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Detained Suspected Terrorists: Try in Military Courts or Civilian Courts? - Event Audio/Video

2014 Annual Student Symposium

Detained Suspected Terrorists: Try in Military Courts or Civilian Courts? - Event Audio/VideoThis panel will address the ongoing debate regarding trying, convicting and punishing suspected terrorists. Should military tribunals be abandoned in favor of trying individuals in Article III courts? A mere seven individuals held in Guantanamo Bay have been tried and convicted by military commissions, while DOJ reports that more than 500 individuals have been convicted of terrorism related offenses. What has prevented the trial of suspected terrorists held in Guantanamo Bay? Should military commissions for suspected terrorists and other enemies be abandoned or do they serve a valuable function?

The University of Florida Student Chapter hosted this panel discussion during the 2014 Annual Student Symposium on Saturday, March 8, 2014.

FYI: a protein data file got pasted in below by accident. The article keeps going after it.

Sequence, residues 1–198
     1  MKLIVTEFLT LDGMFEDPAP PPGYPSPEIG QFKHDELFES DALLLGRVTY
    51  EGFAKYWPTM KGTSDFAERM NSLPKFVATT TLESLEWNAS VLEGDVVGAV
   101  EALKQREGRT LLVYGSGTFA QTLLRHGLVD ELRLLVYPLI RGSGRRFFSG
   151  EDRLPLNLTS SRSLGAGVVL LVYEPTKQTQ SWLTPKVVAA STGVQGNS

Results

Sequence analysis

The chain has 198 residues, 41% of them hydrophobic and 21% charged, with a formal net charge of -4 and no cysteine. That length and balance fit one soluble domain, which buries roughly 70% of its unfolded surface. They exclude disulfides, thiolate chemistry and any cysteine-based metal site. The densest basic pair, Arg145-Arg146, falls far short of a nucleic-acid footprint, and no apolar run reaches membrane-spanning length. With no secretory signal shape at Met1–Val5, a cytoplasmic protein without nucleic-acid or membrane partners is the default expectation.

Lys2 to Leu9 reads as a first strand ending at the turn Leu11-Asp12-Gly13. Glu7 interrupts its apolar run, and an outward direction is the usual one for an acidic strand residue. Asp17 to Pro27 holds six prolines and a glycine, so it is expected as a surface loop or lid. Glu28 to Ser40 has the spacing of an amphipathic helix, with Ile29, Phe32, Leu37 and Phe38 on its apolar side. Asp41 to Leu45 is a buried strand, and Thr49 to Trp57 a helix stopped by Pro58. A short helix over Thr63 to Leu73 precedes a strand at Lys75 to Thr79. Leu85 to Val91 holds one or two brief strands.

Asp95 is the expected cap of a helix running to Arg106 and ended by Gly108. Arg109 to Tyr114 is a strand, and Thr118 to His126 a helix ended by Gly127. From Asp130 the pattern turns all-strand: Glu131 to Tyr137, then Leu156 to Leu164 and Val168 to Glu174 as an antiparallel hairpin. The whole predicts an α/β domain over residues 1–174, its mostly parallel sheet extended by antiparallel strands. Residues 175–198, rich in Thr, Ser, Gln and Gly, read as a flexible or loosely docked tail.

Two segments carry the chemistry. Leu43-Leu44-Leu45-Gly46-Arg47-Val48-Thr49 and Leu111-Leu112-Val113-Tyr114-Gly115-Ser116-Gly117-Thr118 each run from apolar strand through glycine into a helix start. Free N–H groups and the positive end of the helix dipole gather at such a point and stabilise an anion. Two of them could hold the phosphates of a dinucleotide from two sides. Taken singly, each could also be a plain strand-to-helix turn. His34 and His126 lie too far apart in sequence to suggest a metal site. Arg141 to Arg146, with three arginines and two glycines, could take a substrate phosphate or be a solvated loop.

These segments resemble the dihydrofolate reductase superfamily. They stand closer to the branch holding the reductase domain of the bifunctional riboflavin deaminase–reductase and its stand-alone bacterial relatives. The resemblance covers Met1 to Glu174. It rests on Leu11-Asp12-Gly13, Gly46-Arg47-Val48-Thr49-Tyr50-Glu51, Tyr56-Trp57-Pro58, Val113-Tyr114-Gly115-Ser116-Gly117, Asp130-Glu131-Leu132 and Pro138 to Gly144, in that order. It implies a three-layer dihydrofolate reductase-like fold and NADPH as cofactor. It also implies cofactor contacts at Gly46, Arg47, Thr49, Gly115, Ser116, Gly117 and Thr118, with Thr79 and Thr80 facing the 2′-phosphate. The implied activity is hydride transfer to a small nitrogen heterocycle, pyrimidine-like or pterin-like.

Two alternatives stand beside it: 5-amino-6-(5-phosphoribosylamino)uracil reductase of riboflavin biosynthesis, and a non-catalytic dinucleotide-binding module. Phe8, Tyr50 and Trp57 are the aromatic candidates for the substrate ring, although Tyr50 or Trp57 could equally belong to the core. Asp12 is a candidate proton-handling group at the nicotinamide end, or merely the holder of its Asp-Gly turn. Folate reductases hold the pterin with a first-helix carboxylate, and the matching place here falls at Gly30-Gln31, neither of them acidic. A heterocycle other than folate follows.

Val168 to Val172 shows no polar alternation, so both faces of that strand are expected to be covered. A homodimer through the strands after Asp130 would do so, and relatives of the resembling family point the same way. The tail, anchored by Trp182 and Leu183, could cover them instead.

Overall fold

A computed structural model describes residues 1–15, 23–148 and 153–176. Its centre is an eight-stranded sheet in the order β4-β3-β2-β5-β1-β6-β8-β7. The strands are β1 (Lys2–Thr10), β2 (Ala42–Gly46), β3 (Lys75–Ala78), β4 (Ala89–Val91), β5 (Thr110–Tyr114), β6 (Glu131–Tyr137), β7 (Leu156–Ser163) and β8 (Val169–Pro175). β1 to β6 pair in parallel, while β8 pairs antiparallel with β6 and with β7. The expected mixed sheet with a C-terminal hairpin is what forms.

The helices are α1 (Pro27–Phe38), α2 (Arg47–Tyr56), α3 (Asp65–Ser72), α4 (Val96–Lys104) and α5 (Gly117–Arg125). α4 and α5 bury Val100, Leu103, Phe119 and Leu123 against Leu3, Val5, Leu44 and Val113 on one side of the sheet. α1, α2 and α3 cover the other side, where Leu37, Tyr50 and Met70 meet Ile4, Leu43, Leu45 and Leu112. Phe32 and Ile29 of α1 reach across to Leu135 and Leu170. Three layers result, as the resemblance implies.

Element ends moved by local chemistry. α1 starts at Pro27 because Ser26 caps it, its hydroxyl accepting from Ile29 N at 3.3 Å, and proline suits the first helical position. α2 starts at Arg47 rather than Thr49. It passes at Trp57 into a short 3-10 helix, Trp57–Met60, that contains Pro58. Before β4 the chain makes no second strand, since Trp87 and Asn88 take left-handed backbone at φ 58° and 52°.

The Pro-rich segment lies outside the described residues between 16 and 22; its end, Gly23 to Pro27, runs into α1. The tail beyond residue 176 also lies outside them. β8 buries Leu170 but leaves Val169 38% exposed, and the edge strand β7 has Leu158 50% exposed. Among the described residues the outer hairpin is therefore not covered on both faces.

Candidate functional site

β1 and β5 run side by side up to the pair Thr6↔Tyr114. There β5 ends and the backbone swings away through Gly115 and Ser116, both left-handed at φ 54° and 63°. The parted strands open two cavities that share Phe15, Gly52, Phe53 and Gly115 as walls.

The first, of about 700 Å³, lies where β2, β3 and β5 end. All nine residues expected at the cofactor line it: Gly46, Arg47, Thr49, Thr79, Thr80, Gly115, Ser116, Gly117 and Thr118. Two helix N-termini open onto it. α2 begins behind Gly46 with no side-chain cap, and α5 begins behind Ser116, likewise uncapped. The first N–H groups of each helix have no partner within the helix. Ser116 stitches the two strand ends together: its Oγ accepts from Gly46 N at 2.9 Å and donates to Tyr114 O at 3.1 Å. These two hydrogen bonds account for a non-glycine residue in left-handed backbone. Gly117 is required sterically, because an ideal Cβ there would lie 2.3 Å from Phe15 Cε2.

Panel 2: “DETAINED SUSPECTED TERRORISTS: TRY IN MILITARY COURTS OR CIVILIAN COURTS?”
1:45 – 3:30 p.m.
J. Wayne Reitz Union

  • Prof. Laura Donohue, Professor of Law Georgetown University Law Center
  • Prof. Christopher Jenks, Director of the Criminal Justice Clinic and Assistant Professor of Law, Southern Methodist University Dedman School of Law
  • Prof. Peter S. Margulies, Professor of Law, Roger Williams University School of Law
  • Prof. Deborah Pearlstein, Assistant Professor of Law, Benjamin N. Cardozo School of Law
  • Moderator: Hon. A. Raymond Randolph, U.S. Court of Appeals, DC Circuit

University of Florida Levin College of Law
Gainesville, FL

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